I don’t know who said it but I like it – “ball players need a short memory at the plate.” I used to be a softball player, for many years actually and that statement is very true to the mental part of the game. And as you grow older and learn more about sports and life you inevitably stumble on the fact that the mental part of any sport is far more crucial than that of athletic ability. Not to discount athleticism but rather understand the support mental strength provides an athlete in training and competition. 
So what does ‘ball players need a short memory at the plate’ mean? To me it means that focusing on my past failures won’t provide me success in my current endeavour. But, and this is a big BUT, that is not to say that we should ignore our failures, in fact they are great lessons. Any good athlete and any good coach review the players performance to see what went wrong and how best to correct it for the next opportunity.
Business is no different, let’s take Target coming to Canada as an example. Their expansion efforts into Canada seem to be a sizeable failure. And I am very curious to know what lessons they learned from it versus what blame they are assigning for it.  From the outside looking in it appears that they were unprepared in some ways and over invested in others. Perhaps they assumed that Canadians are just like Americans in terms of shopping habits? Maybe they looked at the amount of Canadians that shop in American Targets and thought that profit was transferrable to the Canadian market.  I have a hard time thinking a company as successful as Target didn’t do some hard-core analysis and preparation before coming to Canada.  Just like athletes analyze and prepare, but sometimes things go wrong. The key is to focus on using the wrong to make you better. Focusing on the failure will only add fever to your fears and doubts because that voice inside your head is dying to tell you how you will fail again and again.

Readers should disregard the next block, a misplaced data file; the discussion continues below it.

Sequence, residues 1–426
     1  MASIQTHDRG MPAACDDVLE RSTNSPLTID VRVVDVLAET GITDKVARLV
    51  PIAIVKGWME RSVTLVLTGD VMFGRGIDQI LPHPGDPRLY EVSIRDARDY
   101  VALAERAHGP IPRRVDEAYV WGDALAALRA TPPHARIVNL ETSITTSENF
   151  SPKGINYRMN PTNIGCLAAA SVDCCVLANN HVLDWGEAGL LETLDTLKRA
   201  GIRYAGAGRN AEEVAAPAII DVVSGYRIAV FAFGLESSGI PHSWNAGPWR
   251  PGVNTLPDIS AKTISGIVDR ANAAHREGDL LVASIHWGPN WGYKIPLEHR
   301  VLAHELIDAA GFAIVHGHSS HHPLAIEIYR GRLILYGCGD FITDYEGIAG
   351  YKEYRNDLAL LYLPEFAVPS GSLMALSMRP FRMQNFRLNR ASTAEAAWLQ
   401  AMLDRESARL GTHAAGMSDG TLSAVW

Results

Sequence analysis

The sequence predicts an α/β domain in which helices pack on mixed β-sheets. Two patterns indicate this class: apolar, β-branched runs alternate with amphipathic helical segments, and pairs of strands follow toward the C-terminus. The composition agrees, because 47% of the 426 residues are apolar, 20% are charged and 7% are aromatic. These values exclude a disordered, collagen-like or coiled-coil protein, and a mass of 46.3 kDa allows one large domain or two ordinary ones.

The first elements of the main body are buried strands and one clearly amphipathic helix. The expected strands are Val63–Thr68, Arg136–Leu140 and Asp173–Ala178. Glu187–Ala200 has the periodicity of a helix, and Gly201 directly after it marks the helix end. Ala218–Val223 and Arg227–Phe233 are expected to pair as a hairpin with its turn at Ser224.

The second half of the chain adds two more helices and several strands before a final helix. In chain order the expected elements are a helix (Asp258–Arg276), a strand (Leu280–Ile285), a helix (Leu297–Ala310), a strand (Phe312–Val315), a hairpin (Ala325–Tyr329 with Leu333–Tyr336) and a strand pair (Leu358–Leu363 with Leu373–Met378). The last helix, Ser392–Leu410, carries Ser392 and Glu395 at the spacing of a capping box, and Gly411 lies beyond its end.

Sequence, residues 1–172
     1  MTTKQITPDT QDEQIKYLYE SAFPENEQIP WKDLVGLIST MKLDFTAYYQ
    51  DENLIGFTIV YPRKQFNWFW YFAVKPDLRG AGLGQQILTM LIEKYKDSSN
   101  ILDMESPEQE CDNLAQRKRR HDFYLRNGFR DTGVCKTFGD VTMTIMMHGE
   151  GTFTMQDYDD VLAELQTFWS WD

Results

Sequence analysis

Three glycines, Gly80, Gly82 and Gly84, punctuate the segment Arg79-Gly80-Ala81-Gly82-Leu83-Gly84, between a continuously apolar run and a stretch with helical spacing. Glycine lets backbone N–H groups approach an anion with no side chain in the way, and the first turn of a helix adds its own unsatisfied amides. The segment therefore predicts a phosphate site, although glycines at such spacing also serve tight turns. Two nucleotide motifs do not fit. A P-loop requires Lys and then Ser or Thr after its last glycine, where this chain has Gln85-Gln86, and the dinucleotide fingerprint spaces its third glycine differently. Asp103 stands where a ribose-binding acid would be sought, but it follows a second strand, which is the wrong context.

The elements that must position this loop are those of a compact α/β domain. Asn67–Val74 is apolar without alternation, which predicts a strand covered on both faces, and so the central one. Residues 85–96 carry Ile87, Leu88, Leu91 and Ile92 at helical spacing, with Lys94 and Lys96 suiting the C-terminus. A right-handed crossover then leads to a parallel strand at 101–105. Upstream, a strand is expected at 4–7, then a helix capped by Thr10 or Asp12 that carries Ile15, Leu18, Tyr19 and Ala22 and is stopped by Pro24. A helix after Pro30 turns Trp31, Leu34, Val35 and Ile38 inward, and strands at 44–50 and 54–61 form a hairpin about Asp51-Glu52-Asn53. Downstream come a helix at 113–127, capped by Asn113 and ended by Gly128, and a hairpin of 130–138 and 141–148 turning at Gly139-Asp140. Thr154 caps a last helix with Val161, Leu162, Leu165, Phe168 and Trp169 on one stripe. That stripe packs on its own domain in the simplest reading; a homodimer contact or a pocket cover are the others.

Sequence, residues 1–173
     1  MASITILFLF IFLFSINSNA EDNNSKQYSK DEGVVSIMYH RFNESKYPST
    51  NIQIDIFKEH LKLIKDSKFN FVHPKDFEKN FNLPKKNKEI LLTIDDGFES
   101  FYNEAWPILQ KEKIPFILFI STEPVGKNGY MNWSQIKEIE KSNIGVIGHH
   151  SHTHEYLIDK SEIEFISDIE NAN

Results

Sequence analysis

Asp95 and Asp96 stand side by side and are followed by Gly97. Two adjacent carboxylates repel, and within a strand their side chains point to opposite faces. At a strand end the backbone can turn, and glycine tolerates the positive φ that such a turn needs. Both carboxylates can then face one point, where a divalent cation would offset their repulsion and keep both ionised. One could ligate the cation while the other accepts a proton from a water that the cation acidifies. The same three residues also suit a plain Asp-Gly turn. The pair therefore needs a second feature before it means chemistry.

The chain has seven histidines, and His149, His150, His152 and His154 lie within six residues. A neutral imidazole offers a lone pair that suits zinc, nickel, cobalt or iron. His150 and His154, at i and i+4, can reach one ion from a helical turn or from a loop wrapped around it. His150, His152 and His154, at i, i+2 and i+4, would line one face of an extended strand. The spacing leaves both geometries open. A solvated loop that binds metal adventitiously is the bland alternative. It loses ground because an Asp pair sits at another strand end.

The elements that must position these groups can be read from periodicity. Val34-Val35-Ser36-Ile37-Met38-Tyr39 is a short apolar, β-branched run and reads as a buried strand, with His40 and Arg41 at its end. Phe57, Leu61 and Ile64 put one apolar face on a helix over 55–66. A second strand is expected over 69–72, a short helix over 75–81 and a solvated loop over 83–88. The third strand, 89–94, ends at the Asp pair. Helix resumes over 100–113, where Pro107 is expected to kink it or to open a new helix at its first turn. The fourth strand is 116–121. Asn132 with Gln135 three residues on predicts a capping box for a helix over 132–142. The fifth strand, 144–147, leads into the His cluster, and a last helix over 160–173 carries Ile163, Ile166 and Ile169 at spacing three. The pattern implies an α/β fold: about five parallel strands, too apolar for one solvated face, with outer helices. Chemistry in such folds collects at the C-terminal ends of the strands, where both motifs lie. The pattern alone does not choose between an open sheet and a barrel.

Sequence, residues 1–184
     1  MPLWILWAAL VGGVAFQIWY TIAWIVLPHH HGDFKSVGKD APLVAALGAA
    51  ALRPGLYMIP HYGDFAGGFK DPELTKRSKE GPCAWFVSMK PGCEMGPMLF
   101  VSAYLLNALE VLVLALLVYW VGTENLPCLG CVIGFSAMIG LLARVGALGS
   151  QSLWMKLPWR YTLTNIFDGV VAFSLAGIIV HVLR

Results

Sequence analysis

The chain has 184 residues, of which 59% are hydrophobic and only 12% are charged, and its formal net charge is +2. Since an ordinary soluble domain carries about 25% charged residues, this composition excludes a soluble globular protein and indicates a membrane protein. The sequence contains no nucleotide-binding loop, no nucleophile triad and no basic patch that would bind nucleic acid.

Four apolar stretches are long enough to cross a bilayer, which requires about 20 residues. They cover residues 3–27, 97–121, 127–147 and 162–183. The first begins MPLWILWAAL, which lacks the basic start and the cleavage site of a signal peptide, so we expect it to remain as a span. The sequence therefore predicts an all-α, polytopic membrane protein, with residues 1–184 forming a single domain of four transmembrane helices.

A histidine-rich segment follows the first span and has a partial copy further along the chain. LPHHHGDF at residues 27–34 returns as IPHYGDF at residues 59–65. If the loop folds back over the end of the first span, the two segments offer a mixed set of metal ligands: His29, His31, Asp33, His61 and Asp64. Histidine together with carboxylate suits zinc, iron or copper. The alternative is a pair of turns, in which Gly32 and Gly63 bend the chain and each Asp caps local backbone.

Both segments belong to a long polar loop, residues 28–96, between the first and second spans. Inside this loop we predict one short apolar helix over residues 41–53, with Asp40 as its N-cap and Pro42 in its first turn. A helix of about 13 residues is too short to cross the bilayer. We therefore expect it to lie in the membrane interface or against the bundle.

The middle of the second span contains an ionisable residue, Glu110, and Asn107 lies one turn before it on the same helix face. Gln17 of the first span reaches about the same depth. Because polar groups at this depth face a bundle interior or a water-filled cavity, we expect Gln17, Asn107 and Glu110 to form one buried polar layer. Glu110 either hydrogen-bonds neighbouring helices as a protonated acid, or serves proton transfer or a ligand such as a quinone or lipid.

Having a short memory at the plate is about not dwelling on the bad feelings of striking out or being hit by the ball. Great athletes don’t dwell on what they did wrong, they use it to focus on doing it right next time or doing it better.
If Target focuses all their energy on the demise of the Canadian expansion instead of on why the Canadian expansion found demise then they are destined to fail again, and perhaps again and again. 
As a leader if you are focusing on the flaws and the mistakes of your team instead of using them as teachable moments you are missing the ball. I believe it is imperative to the development of our healthy ego and self-perception to limit our wallow time. I believe that sitting in your own defeat will fill your days with the same. I believe that every failure is an opportunity.
Unless you are perfect, and I challenge you to provide evidence of such, you will make mistakes. And those mistakes can be opportunities if you choose that. I can’t imagine that any high caliber athlete is shocked when their performance is lack luster. That you would have to point out to them that they missed that goal, or that time or that touch down. The same is true for your team, most of them will be very aware that they have screwed up. How motivating is it if you focus on their failure? What if you focused on how that failure can make them better, which in turn can make your company better? What if you focused on the value of the new knowledge brought on by the error?

I’m not saying all mistakes are worth championing, what I am saying is that I can’t see how further defeating a defeated person is helpful for you, them, your team or your company. It takes attention and willingness to accept blame for the lesson to actually be a lesson and not a repeated error.